Should people who don’t wear face masks in public spaces be held accountable for potentially putting others at risk? A recent incident in a New York City subway has left lots of people debating this very important issue.
It all started when 22-year-old Kaleemah Rozier, who was traveling with her young child in the Atlantic Avenue/Barclays Center subway station, was asked by police to wear her face mark correctly before entering the subway. Although she and her 5-year-old son had face masks on, they were not covering their noses and mouths for some reason.
Rather than taking the police’s request for the potentially life-saving move that it was, she chose to respond with ugliness, using vulgar language to respond to the officers and repeatedly refusing to comply even after being asked politely three times to place her and her son’s masks correctly.
She can be heard in video footage cursing at the officers and yelling while being escorted out of the subway station. She also threatened to cough on the officers.
She can then be seen slapping away an officer’s hands, which is when the police decided to take her to the ground and handcuff her. Rozier was charged with disorderly conduct, harassment and resisting arrest.
The NYPD is defending its officers, whom they say acted “appropriately and with respect.” However, the outrage generated by the incident has led to a change in police procedure, with ABC7 NY reporting that NYC cops are no longer allowed to arrest people simply for not wearing masks.
The woman involved is planning a civil suit because she believes there was a racial element to her arrest. She has also expressed outrage that officers arrested her in front of her child; apparently the fact that she defied police orders in front of the kid doesn’t bother her a bit – never mind the fact that all of this could have been avoided had she simply put the mask she already had around her neck in the proper position.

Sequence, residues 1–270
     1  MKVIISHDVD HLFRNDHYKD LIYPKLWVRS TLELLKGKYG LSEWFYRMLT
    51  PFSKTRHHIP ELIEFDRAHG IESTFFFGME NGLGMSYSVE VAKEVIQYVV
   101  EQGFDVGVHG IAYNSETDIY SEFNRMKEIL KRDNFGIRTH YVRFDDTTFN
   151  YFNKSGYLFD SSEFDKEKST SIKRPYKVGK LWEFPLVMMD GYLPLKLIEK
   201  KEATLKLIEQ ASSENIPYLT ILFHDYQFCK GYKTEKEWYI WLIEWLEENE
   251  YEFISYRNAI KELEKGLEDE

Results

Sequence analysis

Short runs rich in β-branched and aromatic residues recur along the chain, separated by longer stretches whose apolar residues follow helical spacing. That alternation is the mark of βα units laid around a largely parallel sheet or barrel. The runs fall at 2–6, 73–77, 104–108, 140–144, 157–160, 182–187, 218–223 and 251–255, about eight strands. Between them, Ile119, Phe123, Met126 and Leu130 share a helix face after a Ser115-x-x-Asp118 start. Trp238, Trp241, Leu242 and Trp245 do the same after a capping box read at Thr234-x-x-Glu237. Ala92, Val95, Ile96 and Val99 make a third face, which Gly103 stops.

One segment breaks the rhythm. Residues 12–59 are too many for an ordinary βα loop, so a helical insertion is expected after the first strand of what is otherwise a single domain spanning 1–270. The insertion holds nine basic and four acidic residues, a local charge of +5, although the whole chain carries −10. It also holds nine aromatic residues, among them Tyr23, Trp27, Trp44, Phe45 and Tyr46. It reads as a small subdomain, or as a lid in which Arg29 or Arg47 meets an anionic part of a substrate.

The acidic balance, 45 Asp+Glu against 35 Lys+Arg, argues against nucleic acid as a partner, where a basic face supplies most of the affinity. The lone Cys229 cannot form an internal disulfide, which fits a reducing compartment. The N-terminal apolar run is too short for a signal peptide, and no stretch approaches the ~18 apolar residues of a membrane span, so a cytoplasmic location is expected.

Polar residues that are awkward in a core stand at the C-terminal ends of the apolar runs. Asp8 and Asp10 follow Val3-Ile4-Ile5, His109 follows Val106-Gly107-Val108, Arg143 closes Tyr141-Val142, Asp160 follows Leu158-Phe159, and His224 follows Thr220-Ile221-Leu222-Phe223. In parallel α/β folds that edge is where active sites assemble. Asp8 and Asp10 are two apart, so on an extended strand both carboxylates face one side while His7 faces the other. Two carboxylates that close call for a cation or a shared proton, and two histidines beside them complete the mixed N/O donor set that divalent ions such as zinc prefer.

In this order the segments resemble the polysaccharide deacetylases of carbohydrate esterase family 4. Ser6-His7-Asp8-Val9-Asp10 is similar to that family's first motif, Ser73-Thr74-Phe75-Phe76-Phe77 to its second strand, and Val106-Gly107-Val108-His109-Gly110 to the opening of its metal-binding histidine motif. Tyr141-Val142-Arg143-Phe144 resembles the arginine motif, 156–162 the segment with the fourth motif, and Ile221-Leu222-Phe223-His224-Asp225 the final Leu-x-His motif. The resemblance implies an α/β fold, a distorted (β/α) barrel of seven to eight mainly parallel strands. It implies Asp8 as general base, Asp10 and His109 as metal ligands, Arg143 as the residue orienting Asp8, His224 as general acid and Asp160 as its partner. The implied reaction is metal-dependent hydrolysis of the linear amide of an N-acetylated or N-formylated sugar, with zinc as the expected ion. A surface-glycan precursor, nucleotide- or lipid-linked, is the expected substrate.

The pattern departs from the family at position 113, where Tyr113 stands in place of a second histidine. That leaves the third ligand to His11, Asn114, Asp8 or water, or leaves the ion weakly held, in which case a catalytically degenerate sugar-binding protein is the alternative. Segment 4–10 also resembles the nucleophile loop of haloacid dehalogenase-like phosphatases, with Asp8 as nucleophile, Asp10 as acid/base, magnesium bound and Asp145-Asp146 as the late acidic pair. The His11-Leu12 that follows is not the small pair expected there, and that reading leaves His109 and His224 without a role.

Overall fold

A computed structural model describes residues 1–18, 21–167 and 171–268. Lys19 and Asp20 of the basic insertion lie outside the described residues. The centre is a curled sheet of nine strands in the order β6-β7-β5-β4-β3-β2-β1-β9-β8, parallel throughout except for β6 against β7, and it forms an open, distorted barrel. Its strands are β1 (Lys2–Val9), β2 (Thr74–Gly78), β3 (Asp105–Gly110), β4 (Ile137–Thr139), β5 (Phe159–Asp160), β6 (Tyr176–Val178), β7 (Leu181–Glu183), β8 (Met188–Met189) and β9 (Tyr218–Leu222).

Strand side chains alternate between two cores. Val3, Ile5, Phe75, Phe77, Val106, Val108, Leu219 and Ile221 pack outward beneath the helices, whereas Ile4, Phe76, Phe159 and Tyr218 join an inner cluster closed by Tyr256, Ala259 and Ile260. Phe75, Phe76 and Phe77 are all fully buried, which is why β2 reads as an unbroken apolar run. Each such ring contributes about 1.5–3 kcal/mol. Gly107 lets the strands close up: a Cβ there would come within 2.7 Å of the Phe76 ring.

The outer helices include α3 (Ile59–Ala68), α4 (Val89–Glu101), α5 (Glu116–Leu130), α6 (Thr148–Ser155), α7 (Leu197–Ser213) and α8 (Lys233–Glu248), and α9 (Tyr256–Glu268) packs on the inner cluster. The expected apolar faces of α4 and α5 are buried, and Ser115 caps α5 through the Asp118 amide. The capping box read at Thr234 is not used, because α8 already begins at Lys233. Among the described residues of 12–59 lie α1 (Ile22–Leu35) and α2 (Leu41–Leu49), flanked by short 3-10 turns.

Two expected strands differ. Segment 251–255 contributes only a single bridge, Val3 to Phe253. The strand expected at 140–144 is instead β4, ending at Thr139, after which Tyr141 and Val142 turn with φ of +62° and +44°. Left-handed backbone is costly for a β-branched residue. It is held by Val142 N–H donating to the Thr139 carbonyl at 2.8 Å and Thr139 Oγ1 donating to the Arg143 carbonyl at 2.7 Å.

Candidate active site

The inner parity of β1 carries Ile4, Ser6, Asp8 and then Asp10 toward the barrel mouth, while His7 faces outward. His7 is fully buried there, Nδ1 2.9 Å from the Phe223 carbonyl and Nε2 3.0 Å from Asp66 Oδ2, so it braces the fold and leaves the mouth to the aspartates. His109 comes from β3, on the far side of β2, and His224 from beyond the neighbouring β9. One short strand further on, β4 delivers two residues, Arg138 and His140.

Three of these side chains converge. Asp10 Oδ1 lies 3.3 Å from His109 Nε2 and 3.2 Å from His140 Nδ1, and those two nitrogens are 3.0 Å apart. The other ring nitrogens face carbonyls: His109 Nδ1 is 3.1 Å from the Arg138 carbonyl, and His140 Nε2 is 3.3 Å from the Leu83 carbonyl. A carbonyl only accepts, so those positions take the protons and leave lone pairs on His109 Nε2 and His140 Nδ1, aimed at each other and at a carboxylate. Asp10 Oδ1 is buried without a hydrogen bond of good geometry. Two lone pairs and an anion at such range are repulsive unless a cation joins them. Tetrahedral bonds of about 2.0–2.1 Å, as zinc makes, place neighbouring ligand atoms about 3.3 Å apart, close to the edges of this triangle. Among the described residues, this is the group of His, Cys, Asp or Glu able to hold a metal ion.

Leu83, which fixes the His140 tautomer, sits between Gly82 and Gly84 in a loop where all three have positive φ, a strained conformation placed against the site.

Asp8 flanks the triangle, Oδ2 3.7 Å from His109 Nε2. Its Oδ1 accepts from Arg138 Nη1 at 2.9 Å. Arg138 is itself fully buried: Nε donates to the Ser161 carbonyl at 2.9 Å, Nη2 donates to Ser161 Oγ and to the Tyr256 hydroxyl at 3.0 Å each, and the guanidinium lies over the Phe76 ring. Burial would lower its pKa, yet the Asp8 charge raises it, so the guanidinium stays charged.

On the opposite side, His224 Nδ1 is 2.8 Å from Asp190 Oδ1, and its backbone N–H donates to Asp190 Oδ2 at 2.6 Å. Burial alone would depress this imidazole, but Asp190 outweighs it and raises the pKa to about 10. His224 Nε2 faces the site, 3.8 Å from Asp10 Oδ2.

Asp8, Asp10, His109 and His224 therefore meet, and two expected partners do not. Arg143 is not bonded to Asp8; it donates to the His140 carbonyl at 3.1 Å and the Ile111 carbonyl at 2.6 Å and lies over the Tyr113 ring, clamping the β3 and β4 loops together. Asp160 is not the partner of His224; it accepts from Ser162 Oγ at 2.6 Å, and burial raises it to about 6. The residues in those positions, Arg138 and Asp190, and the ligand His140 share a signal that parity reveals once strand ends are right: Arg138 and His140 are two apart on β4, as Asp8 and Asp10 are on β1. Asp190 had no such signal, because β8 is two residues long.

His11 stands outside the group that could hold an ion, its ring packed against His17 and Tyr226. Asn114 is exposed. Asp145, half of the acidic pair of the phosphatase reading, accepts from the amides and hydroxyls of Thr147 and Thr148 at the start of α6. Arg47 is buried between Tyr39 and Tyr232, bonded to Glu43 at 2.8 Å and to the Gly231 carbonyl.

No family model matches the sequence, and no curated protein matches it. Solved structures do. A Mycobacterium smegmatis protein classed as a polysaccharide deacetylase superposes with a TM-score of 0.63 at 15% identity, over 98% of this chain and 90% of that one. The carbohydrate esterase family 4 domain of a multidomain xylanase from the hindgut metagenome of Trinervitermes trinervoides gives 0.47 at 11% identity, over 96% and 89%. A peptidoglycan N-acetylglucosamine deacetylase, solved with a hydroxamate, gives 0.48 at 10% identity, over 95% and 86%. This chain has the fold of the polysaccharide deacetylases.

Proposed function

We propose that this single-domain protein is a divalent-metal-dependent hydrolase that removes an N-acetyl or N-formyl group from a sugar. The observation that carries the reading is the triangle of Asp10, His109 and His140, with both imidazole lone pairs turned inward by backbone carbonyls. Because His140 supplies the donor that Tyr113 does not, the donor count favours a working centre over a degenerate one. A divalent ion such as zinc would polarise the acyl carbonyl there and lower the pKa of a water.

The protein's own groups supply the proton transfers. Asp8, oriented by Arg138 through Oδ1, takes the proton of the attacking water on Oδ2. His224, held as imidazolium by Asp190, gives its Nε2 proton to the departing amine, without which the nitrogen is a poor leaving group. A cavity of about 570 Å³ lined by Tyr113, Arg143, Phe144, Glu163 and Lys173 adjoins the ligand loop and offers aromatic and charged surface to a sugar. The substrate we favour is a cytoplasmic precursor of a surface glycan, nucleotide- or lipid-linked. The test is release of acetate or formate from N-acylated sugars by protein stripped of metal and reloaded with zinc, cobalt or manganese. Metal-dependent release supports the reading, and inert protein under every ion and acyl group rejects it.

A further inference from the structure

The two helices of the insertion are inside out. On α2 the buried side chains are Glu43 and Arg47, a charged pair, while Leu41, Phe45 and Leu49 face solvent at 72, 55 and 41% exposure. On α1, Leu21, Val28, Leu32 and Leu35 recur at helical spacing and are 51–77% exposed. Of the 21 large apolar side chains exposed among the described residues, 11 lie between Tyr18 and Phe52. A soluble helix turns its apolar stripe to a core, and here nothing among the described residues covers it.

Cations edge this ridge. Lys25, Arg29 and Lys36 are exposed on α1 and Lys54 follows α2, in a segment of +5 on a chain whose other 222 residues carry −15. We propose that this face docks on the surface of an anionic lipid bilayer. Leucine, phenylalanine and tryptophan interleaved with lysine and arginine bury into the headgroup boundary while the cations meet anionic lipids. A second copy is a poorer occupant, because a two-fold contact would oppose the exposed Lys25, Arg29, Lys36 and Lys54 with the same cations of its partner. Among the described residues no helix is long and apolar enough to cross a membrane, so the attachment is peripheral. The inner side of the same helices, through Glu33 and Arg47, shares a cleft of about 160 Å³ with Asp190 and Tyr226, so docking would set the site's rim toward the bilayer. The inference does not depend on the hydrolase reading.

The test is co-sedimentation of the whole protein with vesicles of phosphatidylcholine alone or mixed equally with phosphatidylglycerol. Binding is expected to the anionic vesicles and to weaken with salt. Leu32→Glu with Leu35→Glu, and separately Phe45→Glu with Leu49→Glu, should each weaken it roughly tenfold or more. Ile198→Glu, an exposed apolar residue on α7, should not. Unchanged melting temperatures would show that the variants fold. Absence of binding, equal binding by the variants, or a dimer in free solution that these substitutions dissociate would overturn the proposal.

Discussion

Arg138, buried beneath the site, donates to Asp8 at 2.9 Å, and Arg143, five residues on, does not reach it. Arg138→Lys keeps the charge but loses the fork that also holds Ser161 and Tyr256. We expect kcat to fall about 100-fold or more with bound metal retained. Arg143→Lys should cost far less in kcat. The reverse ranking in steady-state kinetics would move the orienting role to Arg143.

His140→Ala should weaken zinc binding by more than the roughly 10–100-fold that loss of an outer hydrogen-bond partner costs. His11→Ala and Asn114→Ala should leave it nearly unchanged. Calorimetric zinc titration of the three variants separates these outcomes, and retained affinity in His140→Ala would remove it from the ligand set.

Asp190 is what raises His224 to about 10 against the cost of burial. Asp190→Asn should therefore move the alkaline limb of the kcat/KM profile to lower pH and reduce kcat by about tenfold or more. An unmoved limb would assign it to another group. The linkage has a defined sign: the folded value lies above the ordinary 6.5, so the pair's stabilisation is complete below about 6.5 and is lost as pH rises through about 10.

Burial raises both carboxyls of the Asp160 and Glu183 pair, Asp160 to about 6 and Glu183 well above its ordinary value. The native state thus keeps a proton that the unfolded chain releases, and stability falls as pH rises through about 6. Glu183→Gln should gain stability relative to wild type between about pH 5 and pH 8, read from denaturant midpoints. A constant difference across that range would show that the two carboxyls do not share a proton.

After video footage of the incident went viral, Mayor Bill de Blasio tweeted about the incident, writing “Face coverings are important to protect everybody – they’re not optional. But no one wants to see an interaction turn into this.”
Posting a video of what went down, he added: “We’ve made progress with de-escalation. This isn’t it.”
De Blasio has understandably been vocal about face coverings. New York City has been hit extremely hard by the virus, due in no small part to the many cramped spaces packed with people there like the subway where this incident took place. The city has seen nearly 200,000 confirmed cases of the virus and 15,789 deaths.
People reacting violently to the idea of protecting others
The news has been full of incidents lately involving people responding with violence after being asked to wear a mask. For example, in Aurora, Colorado, a man shot a Waffle House employee after being asked to use a mask to get a take-out order.
When the cook told 27-year-old Kelvin Watson that he wouldn’t serve him without a mask, Watson pulled out a gun and threatened him with it. The following night, he returned without a mask yet again, and the same cook refused to serve him. Watson then slapped the cook across the face and shot him in the chest or abdomen as he tried to run away. The 27-year-old has been charged with attempted first-degree murder.
While not wearing a mask may not get you arrested in New York City these days, it will in some parts of China. In Singapore, it could earn you a fine, while everyone aged 6 and above must wear a mask in public places in Spain.
Whether it’s a legal obligation in your area to wear a mask or not, it just makes sense to do so. Face masks aren’t just there to protect you from exposure to coronavirus – they’re also there to protect everyone else. Some people may not care whether they live or die during this pandemic, but they shouldn’t be putting those who do value their lives at risk because of their ignorance.
Sources for this article include: